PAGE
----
How the chiefs/Bills game forced the NFL to make a rules change

This year we might have experienced one of the most entertaining playoffs in NFL history. It included two overtime back-to-back weeks and games that were decided by one possession, not even including the Super Bowl.

On January 23, we may have witnessed one of the most explosive and exciting playoff games of all time. The Bills scored and left 13 seconds on the clock; the Chiefs, with three timeouts, drove down the field and kicked a field goal to tie the game at 36. The rest of the game was history. 

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The rules of overtime in the playoffs were that the team that wins the coin toss can choose to receive or defer the kickoff. There is a 15-minute quarter, and if no one scores, then they will go until there is a winner. As the Chiefs won the toss, they chose to receive. The Chiefs drove down the field with ease, it was first and goal, and Patrick Mahomes tossed the ball to Travis Kelce and he caught it, ending the game. This game will never be forgotten. This game left many people speechless and wondering what would’ve been the outcome if the Bills had a chance to possess the ball.

In 2010, the NFL changed the rules for the postseason only. The change was instead of being able to kick a field goal to end the game on the first drive they had to score a touchdown to win. Although the NFL and the NCAA have many different rules, I think the NFL should adopt the same overtime rules. Both teams will have possession before the game is over in the NCAA overtime rules. If one team scores, the other team gets a possession. After three times of this happening, it stops being touchdowns and transitions to 2-point scores; they start from the 25 and have a drive to score. This would until there is a winner.

This would improve the rules because it is more entertaining to watch, it’s fair for both teams, giving them a chance to extend the game and try to win. Lastly, the rule only being in the playoffs means it doesn’t change the regular season making it a tiny change to their many rules.

I firmly believe if the Bills vs. Chiefs overtime went this way, it would have been a different outcome. I think this because the Bills had a lot of momentum as they went into overtime, but they didn’t have a chance to prove themselves. It is situations like these where it would be beneficial to have the change.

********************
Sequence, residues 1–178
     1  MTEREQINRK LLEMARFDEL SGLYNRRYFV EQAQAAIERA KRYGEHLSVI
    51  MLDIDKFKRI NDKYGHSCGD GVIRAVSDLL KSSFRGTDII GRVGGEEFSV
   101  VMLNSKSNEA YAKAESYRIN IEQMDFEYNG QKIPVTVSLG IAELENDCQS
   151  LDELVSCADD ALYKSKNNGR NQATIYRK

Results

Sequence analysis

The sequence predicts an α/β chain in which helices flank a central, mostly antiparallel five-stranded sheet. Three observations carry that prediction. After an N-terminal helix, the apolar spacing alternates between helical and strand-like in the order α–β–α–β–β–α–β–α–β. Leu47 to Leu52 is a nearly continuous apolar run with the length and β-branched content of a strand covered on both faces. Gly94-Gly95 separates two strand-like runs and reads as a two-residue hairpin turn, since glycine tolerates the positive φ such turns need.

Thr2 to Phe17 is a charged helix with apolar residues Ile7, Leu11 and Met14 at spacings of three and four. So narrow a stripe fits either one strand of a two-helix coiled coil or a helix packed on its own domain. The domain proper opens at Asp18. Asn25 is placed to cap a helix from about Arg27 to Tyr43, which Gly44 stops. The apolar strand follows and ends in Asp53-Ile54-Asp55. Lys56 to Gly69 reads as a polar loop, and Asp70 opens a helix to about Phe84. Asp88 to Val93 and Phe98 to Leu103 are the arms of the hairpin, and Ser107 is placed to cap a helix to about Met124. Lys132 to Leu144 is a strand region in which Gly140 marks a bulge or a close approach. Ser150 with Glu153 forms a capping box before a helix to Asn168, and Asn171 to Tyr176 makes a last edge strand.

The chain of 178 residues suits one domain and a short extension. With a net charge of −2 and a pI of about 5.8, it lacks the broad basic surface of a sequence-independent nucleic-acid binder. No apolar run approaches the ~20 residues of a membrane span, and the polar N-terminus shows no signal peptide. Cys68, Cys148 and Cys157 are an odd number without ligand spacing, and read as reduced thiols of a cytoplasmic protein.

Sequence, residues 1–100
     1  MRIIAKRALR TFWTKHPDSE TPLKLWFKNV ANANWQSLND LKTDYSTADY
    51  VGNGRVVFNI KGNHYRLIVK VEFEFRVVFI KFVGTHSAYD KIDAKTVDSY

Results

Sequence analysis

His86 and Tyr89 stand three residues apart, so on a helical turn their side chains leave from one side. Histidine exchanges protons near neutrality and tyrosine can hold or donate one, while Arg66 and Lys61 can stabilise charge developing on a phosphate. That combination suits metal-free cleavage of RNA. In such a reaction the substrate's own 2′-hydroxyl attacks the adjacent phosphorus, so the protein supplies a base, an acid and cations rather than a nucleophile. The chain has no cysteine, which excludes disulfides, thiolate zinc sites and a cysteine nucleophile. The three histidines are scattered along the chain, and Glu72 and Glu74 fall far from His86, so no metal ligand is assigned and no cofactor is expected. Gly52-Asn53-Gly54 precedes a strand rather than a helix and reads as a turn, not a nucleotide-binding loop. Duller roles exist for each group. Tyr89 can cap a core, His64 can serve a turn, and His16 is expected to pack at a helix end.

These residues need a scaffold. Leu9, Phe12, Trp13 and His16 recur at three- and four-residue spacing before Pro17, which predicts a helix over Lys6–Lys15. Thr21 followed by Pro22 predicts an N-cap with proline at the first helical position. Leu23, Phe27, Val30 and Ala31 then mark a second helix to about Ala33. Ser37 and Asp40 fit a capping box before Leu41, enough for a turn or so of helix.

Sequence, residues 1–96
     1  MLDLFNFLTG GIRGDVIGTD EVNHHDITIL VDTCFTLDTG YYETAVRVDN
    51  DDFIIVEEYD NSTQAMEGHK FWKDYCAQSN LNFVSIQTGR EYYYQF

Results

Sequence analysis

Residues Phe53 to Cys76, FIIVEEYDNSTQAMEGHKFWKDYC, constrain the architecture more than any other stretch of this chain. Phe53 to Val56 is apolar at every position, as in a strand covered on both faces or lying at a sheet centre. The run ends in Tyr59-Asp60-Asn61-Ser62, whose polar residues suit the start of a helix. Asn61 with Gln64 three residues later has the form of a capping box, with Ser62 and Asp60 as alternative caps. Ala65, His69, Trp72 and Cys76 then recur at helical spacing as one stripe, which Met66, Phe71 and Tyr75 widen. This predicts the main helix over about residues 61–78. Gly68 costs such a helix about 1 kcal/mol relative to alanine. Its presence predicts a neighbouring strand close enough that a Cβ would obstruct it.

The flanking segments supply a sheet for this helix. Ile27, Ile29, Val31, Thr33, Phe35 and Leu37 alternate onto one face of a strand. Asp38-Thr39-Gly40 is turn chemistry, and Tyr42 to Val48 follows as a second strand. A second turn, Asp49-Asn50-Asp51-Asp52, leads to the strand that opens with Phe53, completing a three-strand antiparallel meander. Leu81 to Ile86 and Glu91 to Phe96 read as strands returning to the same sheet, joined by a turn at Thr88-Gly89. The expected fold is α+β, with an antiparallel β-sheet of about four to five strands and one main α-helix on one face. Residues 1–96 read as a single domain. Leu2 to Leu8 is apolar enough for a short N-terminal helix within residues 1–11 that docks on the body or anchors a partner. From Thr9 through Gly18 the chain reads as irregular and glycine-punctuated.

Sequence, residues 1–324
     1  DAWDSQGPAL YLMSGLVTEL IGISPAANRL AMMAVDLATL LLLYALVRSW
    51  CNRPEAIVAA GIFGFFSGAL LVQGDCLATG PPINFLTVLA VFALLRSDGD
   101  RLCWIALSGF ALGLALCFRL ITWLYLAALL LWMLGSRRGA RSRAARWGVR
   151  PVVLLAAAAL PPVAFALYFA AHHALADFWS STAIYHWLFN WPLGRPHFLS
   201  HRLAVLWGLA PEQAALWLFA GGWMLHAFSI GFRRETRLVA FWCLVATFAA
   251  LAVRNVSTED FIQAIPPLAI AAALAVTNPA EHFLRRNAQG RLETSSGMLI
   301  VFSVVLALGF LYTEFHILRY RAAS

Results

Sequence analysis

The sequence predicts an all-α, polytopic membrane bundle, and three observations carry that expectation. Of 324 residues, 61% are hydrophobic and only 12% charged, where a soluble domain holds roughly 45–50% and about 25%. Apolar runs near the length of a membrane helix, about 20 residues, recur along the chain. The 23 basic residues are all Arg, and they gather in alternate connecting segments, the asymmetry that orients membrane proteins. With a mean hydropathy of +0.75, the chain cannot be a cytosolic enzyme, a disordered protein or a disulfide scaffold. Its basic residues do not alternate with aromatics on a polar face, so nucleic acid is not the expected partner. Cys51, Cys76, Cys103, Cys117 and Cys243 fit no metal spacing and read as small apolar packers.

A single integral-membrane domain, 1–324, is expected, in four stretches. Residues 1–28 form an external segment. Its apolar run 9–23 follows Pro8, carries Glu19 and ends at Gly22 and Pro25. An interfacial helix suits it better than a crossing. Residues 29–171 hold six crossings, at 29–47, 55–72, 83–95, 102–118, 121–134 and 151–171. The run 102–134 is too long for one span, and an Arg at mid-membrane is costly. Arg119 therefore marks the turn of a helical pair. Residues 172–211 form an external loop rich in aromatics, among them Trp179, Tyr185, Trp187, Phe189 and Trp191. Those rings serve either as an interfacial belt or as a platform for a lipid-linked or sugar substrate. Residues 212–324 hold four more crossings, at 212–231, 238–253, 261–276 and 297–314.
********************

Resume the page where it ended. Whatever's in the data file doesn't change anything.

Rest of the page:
Bengals QB Joe Burrow – AlexanderJonesi, CC BY-SA 2.0 https://creativecommons.org/licenses/by-sa/2.0, via Wikimedia Commons

The following week the Bengals and Chiefs played in the AFC championship. The Chiefs started off hot, getting an 18-point lead going into halftime. The Bengals were able to rally and tie the game. The Chiefs went three and out and punted the ball. The Bengals kicked a field goal and gave Patrick Mahomes and the Chiefs six minutes to score. The Chiefs made it look similar to the game against the Bills. They drove down, and in the final seconds, they kicked a field goal to send it to overtime. 

The Chiefs won the toss and got the ball to start. The Chiefs got the ball at the 25, and they got a first down, thinking this game would be the same as the week before. Everyone now assumed the Chiefs would win. Mahomes dropped back and threw an interception. The Bengals drove a few yards and kicked the field goal to win. I believe that if the Bills had a chance, they would have won like the Bengals did.

Ironically the Super Bowl between the Rams and Bengals came down to a similar situation to the divisional and championship. The Bengals had a chance to go down and score, but they didn’t.

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In the following months, the NFL would change the rules, and as of March 29th, 2022, the NFL just recently changed the rules of what will happen in overtime. Both teams will get possession. Also, if the kickoff is fumbled and results in a safety the game will end there. As they made these changes in situations like these, I believe they don’t need to fix anything else in the rules. This change will be seen in the upcoming 2022-2023 season.

Roger Fredrickson is a freshman in Mr. Lambdin’s English Class.